Nelson Fellowships celebrate 15th anniversary at US District Court in Boston

He was only in high school, and life could not get much tougher.

Kevin Copson was at Boston Latin Academy when five family members had died within a seven-month period, including his father.

“It was a time in my life where I felt I didn’t have any opportunities,’’ he said in a recent interview.

But Copson, now 21, and a criminal justice student at the University of Massachusetts at Lowell, credits the Judge David S. Nelson Fellowship at US District Court in Boston for helping him rebound and gain a new sense of confidence.

Copson, who attended the fellowship between his junior and senior years in 2007, joined other fellows and federal judges in a ceremony last week marking the program’s 15th anniversary.

The program, named in honor of the first African-American appointed to a federal judgeship in Massachusetts, assigns high school students to work with judges during the summer vacation. They attend court proceedings, participate in day-to-day work in judges’ chambers, and attend classes on topics such as writing, public speaking and civil rights. They also meet community leaders and lawyers throughout the state.

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The program concludes with a mock trial, in which the fellows compete against the state court’s Judicial Youth Corp.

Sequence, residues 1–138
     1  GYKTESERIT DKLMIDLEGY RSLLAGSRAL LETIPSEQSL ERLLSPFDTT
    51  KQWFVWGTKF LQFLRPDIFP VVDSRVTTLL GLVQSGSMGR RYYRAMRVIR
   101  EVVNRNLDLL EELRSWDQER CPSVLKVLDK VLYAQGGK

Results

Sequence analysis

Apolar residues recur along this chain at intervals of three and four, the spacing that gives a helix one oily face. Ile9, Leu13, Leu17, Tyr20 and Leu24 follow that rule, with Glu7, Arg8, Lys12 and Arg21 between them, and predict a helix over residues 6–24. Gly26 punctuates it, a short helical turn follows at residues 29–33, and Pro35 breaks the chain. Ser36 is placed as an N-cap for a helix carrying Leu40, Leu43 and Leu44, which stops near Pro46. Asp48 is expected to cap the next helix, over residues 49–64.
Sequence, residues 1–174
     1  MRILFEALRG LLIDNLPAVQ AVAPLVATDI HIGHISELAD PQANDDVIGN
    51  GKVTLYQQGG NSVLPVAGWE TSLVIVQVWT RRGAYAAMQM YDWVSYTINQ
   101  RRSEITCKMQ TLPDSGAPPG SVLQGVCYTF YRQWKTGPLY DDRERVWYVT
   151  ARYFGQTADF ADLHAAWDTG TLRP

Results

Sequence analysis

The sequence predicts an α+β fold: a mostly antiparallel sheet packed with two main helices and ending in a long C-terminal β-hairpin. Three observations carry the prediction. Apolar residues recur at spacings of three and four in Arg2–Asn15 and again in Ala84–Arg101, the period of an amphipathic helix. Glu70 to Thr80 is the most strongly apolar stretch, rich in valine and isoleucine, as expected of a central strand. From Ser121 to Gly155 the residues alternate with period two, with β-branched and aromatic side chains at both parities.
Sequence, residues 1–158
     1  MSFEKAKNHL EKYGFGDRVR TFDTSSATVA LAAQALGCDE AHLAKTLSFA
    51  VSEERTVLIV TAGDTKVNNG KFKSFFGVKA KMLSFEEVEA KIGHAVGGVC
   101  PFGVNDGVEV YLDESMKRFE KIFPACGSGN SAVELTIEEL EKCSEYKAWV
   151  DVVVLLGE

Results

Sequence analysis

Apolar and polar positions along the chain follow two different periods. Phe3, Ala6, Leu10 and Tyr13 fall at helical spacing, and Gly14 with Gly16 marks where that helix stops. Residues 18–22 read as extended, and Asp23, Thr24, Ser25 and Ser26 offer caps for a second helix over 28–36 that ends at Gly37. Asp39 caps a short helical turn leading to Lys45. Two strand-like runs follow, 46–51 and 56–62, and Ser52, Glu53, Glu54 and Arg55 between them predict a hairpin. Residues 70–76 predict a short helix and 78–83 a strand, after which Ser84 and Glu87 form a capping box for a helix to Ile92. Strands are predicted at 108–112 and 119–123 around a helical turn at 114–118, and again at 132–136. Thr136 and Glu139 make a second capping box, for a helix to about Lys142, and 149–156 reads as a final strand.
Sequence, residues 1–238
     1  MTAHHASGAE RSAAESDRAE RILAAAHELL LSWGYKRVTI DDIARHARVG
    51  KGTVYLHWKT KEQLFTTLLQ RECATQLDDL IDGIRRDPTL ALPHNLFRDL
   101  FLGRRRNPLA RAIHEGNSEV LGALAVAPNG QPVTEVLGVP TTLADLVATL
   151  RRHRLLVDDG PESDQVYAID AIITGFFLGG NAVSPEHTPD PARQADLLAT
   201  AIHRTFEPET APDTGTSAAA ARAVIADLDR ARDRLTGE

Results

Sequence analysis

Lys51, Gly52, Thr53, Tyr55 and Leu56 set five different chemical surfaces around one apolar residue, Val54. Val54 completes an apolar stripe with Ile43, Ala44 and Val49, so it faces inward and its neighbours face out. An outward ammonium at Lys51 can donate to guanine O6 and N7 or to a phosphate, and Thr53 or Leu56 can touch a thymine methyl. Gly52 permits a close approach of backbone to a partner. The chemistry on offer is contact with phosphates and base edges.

“It was always to encourage high school students and recognize they had real potential,’’ US District Court Chief Judge Mark L. Wolf said at the ceremony last week.

He added in a statement, “It teaches the federal judges a lot about the communities we serve. It is also a fine, living memorial to Massachusetts’ first federal judge of color.’’

The program started with Boston schools and expanded to include students from Springfield, Worcester and Brockton. More than 170 students have gone through the program since 1996, and many have gone on to colleges including Columbia University and Bowdoin University.

“It really gave us chances to express our selves, and it showed us that at horrible times, we can succeed,’’ said Copson, who was introduced to the program when he first expressed interest in law and law enforcement.

He added: “The people who run it care for you, and give you the tools to succeed.’’

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